Sunday, 25 July 2010

Accidental Ambassadors

As the sun came up on Sunday morning, I realised that, even when it bugs the crap out of me, Korea doesn't bother me much anymore. I guess this is the beginning of the end of culture shock.

I've heard plenty of claims here about people who never experienced culture shock, and I can't honestly be anything but envious of that. For all that this is the fourth (or fifth if you count Scotland *^^* ) country I've lived in, and I should be used to it by now, Korea was, and still is, a shock to the system. The daily frustrations and irritations don't go away, and neither does the feeling of being an outsider. Even my rudimentary Korean skills will continue to surprise Koreans, and I will go on unconciously breaking rules I had no idea existed. But I find it a lot easier to shrug it off now.

I think the hardest thing is something I only just realised last week. Being a foreigner in Korea, a land with such recent exposure to the rest of the world, brings a feeling of responsibility for the public image of all foreigners. Getting off the subway one day last week, I bashed into the back of a little girl and immediately felt terrible. People are unfailingly pushy on subways here, but obviously no one wants to shove into an 8 year old. My first thought was 'Oh no, her mother will think foreigners are such clumsy oafs.' I doubt that she even thought anything of it, but it doesn't stop the initial anxiety: the feeling that one is about to offend and damage a Korean's view of all foreigners.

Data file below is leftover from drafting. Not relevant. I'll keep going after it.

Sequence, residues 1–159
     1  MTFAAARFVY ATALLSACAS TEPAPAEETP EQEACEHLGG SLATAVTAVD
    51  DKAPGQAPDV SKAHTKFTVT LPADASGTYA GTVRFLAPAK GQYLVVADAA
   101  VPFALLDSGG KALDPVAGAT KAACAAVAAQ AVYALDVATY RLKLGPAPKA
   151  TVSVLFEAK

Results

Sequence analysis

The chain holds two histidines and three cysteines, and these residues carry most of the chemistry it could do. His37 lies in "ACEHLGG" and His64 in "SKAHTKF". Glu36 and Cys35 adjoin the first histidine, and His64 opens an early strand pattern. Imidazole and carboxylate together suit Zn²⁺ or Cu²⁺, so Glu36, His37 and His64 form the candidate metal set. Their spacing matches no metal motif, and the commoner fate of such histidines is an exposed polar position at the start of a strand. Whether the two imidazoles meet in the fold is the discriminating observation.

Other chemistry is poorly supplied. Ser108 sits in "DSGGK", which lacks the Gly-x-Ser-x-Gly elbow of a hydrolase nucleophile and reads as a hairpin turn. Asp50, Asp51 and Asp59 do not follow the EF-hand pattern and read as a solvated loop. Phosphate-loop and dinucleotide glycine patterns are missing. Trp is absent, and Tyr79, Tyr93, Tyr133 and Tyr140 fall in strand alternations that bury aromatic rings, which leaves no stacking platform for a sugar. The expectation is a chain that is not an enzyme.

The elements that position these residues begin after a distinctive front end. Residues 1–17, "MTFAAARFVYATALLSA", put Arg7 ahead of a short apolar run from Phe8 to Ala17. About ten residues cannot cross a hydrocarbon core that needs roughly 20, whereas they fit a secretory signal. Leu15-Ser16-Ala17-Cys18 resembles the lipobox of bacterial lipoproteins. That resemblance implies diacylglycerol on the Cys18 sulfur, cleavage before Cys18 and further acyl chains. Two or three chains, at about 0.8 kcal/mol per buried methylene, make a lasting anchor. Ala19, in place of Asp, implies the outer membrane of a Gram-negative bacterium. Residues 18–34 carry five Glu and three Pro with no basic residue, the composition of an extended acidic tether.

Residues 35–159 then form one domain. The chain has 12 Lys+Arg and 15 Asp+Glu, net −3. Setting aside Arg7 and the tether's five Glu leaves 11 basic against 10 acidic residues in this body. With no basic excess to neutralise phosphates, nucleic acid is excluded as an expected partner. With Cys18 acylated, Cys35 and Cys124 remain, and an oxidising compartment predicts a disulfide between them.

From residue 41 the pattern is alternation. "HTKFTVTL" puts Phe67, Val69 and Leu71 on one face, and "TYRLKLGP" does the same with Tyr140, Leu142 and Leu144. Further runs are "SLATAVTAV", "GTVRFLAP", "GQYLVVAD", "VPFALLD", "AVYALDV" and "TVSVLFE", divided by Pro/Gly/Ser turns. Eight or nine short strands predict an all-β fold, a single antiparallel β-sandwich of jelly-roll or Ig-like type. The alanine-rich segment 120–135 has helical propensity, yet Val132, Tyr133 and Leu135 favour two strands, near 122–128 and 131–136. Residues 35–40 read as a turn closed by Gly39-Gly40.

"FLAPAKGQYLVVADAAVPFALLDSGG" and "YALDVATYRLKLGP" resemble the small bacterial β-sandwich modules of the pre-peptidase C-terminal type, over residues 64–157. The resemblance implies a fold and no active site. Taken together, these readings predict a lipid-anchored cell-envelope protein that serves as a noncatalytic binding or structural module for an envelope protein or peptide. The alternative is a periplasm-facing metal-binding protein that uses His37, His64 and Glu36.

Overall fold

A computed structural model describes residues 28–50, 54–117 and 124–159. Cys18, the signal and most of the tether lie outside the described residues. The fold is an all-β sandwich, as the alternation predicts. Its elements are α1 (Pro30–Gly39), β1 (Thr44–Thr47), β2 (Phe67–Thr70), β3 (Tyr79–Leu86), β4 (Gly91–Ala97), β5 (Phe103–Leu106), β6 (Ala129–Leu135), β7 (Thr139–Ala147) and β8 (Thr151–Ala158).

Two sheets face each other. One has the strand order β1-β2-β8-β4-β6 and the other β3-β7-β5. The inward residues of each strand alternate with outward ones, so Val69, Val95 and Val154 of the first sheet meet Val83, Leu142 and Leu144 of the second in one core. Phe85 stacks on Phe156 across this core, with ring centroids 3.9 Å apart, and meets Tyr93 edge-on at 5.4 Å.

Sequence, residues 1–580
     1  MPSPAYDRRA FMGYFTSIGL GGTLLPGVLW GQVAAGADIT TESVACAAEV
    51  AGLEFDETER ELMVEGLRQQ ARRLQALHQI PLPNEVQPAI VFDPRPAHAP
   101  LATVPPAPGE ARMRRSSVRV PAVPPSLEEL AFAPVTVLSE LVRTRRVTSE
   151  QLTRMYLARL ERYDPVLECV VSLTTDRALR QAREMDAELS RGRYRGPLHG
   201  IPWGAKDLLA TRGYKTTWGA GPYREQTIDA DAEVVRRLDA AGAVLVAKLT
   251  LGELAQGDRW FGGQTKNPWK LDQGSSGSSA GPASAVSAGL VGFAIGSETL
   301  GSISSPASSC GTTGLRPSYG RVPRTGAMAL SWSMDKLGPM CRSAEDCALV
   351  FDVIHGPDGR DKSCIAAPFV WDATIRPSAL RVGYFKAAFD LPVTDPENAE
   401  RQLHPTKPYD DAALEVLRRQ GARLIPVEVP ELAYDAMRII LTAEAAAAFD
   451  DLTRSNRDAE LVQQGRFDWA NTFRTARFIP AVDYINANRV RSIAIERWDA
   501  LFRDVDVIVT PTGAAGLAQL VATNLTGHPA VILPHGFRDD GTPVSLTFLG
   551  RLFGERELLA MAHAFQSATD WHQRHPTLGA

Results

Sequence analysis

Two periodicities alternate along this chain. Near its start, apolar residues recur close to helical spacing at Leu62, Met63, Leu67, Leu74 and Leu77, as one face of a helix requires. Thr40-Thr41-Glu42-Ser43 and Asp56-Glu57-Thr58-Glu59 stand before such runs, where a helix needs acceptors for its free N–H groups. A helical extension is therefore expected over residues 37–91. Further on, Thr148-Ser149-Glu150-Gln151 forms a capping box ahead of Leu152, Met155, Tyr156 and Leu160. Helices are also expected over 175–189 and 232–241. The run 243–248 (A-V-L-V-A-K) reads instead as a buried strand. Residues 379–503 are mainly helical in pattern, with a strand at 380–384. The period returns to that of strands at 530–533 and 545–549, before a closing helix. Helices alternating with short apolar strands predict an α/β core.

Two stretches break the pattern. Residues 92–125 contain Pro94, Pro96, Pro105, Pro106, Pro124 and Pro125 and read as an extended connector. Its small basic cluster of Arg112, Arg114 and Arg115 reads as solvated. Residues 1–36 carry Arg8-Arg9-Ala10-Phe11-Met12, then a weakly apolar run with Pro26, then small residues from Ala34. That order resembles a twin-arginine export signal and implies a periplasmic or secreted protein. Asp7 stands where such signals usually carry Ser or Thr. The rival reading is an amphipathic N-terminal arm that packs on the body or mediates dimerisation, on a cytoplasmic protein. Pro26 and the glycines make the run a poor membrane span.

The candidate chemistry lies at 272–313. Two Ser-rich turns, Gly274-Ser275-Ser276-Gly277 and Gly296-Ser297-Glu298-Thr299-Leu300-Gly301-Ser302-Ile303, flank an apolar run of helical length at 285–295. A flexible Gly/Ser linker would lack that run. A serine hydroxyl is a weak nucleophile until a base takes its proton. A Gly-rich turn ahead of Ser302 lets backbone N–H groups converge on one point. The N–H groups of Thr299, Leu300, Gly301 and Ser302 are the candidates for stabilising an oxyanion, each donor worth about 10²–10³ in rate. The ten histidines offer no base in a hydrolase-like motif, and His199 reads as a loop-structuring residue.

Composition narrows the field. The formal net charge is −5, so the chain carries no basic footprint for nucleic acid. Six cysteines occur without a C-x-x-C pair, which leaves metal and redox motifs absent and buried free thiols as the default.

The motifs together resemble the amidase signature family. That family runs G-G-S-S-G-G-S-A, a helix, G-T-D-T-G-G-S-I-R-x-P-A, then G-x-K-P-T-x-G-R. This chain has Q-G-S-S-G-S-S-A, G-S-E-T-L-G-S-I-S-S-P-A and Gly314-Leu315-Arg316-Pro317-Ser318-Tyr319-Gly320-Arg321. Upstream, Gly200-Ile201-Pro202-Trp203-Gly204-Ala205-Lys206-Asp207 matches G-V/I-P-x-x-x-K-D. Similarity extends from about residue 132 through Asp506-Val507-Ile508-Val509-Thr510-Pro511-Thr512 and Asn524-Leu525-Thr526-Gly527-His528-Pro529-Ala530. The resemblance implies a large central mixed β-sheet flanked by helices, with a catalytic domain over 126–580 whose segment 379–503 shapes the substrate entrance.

Without intending to be anything of the sort, I think we all end up being ambassadors. We are still among the early wave of foreigners here, and our behavior does affect how people think of us. I think my feeling that things are easier to deal with is because I feel more at peace about that role. That doesn't mean I never ignore rules of etiquette in public, frankly that would be too hard, but I accept that it is what it is. Some people will think badly of me because I'm a foreigner, and some won't. As my mom always used to say, “You can't change what other people will think.” Even if that movie says you can :)

1 comment:

  1. This is Paul!! Christina's b/f!! I friend requested you on facebook!! I need your help with something. I am making a video, and I want to record you because you are female and you have a cool accent.

    I hear you on the ambassador thing. I worked at a hagwon yesterday, (7 classes in a row with no break = WHAT!?!) And the head teacher guy asked me my opinion of various Korean things, and I think my answers were resonating deep within him. I think that he is going to tell his Korean friends what I said. (I hope that my answers were satisfactory.) It was fun. I said good things about Korean people.

    Please call me if you are interested. ASAP is fine.

    010 6754 4936